The last element that paints Satan as a sympathetic rebel in Books One and Two is simply the logic behind his rebellion. Just as seeing Satan as a martyr relies on being ignorant of his obsession with revenge, agreeing with Satan’s reasons for rebelling relies on his side of the story being presented first. Only later is jealously of Jesus revealed as Satan’s motivation for rebelling. Without the assumption that God is almighty, one might see him as Satan does: “Sole reigning holds the tyranny of Heav’n,” (1.124). Satan claims to be fighting for equality: “Farthest from him is best/ Whom reason hath equaled, force hath made supreme/ Above his equals,” (1.247-249). Here, he introduces a theme of Paradise Lost: what legitimatizes holding power? He does not believe that God’s greater physical “force” merits his rule over those of equal “reason”. This theme becomes increasingly complex throughout the poem, but as of Satan’s introduction in Pandemonium, the argument legitimizes and idealizes Satan’s rebellion.
Though Satan may appear heroic to the reader, Milton by no means views Satan as the hero of Paradise Lost. An undeniable fact looms over analysis of this poem: it is a story codified in biblical texts, in which Satan is the ultimate villain, the source of evil. There is not enough evidence to prove Milton excuses Satan. Indeed, he explicitly states, “Who first reduced them [Adam and Eve] to that foul revolt?/ Th’infernal Serpent; he it was…,” (1.33-34). So, why does Milton allow for Satan to be portrayed so sympathetically? The reader, as a supposed descendant of Adam, would be susceptible to Satanic manipulation. Allowing the reader to sympathize with Satan in the begin also leaves space for character development, as Satan’s more traditional role is enforced throughout the book. More importantly, highly developing Satan’s character consequentially reinforces God’s supremacy. If Satan was one dimensional – just evil epitomized – and he successfully persuaded one-third of Heaven along with man to rebel, then God must not have much legitimacy as the Supreme Being. On the contrary, Satan is sympathetic, charismatic, courageous, and – as will soon be described – manipulative, intelligent, and powerful. Satan is the closest there can be to a rival worthy of God.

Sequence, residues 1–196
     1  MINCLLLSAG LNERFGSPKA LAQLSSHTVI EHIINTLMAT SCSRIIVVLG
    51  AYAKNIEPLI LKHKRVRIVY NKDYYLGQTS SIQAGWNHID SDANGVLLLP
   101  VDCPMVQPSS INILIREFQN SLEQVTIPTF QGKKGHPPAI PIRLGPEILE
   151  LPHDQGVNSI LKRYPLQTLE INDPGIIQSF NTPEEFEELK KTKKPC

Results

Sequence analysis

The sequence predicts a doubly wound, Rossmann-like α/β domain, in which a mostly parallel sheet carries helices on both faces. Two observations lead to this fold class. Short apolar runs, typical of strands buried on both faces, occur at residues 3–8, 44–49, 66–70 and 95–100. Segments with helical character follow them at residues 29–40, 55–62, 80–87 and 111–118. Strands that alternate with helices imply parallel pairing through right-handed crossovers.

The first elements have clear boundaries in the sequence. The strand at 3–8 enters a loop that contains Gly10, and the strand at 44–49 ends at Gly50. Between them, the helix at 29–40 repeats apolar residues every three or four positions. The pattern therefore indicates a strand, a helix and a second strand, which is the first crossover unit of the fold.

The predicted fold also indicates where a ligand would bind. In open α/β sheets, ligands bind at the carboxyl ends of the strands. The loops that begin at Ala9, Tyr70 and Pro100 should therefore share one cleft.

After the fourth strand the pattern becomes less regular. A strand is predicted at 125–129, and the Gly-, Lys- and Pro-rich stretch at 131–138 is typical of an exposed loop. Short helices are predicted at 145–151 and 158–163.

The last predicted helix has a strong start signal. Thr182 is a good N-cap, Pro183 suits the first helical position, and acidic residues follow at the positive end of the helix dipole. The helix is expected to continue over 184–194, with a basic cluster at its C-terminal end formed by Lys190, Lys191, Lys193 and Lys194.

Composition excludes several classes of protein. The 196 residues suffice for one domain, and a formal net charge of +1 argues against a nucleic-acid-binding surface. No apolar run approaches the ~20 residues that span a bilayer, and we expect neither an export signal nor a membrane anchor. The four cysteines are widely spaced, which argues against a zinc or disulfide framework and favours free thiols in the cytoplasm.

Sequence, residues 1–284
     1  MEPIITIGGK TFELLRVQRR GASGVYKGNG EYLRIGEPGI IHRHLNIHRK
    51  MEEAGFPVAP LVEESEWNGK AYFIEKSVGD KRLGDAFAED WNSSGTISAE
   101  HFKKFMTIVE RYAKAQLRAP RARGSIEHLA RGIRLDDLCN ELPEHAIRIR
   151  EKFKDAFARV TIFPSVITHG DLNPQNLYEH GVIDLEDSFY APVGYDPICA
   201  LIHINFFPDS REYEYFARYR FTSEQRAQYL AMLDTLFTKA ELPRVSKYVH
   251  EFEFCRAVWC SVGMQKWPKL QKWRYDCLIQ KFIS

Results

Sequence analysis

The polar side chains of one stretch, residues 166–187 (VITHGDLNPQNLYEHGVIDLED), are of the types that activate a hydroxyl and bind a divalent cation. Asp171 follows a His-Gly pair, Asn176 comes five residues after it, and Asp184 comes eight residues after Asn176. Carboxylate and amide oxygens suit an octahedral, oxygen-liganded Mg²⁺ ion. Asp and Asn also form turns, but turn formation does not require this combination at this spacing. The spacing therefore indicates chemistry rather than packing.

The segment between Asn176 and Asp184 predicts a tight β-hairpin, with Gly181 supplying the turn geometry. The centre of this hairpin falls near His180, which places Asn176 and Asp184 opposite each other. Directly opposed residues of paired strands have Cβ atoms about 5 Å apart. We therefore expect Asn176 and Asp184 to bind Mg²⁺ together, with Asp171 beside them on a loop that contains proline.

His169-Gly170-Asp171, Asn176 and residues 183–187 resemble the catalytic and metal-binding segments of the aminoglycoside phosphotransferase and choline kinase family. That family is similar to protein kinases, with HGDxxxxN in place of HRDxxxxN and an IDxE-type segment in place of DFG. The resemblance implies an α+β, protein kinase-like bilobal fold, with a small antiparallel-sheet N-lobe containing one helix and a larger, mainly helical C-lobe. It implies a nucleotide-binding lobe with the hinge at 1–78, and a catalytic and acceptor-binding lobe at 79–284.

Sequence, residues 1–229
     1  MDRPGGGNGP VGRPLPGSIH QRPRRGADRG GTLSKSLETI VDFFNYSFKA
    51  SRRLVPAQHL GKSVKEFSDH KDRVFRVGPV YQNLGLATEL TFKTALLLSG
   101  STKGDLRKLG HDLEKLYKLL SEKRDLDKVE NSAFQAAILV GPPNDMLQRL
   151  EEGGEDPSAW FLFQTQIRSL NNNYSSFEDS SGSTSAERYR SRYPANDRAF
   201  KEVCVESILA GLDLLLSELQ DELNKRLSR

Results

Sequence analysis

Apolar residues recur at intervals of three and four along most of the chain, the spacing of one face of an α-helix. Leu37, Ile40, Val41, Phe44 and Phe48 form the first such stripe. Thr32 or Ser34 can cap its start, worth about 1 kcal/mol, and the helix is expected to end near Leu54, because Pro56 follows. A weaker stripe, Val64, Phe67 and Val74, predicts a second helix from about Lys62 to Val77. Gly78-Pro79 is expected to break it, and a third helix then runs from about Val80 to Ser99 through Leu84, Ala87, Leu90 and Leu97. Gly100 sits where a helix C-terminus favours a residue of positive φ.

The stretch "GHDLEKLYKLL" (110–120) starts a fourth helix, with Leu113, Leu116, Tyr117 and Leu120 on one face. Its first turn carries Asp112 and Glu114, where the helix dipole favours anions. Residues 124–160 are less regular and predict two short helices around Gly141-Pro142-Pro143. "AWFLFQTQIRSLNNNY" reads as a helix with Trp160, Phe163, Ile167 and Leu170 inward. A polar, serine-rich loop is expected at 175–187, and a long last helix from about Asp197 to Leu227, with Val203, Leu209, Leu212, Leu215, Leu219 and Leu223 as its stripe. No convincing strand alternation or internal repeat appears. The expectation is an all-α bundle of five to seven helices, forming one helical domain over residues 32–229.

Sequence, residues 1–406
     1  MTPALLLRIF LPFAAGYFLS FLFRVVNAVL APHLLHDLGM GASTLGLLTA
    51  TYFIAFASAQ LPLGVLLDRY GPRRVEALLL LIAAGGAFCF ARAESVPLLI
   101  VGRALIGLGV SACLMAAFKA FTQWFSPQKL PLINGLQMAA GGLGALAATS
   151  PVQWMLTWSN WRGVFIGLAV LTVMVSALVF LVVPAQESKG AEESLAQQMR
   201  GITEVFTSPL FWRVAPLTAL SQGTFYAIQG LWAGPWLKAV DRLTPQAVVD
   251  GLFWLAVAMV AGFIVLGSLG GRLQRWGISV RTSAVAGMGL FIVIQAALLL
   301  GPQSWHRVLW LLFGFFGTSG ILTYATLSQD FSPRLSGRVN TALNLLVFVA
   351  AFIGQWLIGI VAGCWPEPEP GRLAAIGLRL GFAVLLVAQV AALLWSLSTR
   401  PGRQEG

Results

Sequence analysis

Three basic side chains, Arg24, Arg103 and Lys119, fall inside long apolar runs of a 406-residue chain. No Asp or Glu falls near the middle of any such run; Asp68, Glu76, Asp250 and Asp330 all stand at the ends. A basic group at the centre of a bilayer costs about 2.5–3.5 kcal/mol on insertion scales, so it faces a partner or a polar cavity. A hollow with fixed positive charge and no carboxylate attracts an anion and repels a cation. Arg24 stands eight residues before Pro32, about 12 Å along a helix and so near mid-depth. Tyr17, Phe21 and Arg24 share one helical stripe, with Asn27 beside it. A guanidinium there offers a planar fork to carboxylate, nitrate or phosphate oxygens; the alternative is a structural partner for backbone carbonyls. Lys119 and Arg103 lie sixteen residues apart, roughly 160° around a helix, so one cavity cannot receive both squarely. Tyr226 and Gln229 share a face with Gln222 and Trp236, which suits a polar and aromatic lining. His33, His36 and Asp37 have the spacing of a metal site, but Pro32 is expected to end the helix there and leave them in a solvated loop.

There is a discrepancy between what Satan claims are his motivations for rebelling and what Milton cites: “he it was, whose guile/ Stirred up with envy and revenge/…his pride” (1.34-35, 36). Satan claims to be fighting for equality against an unjust leader. Slips in his speeches support Milton’s interpretation. At first Satan seems humbled by his fall, admitting God’s capability to maintain his throne, but he quickly begins to advocate for continued war. He praises, “the unconquerable will,/ And study of revenge, immortal hate,/ And courage never to submit or yield/…That glory,” (1.107-109, 110). It is difficult to reconcile “glory” with his obvious personal grudge. Spite and pride are likelier sources for Satan’s continued fight – “But ever to do ill our sole delight,/ As being the contrary to his high will” (1.160-161) – as there is no longer hope of reforming Heaven to be more democratic.